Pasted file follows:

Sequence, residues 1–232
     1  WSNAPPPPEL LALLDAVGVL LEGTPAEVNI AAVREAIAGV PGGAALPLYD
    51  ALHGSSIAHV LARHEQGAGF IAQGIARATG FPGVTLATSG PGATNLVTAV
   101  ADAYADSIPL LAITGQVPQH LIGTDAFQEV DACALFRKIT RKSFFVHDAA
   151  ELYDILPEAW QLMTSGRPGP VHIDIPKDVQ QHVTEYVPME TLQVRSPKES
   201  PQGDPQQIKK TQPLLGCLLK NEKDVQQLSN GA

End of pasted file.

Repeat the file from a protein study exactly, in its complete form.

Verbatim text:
Sequence, residues 1–232
     1  WSNAPPPPEL LALLDAVGVL LEGTPAEVNI AAVREAIAGV PGGAALPLYD
    51  ALHGSSIAHV LARHEQGAGF IAQGIARATG FPGVTLATSG PGATNLVTAV
   101  ADAYADSIPL LAITGQVPQH LIGTDAFQEV DACALFRKIT RKSFFVHDAA
   151  ELYDILPEAW QLMTSGRPGP VHIDIPKDVQ QHVTEYVPME TLQVRSPKES
   201  PQGDPQQIKK TQPLLGCLLK NEKDVQQLSN GA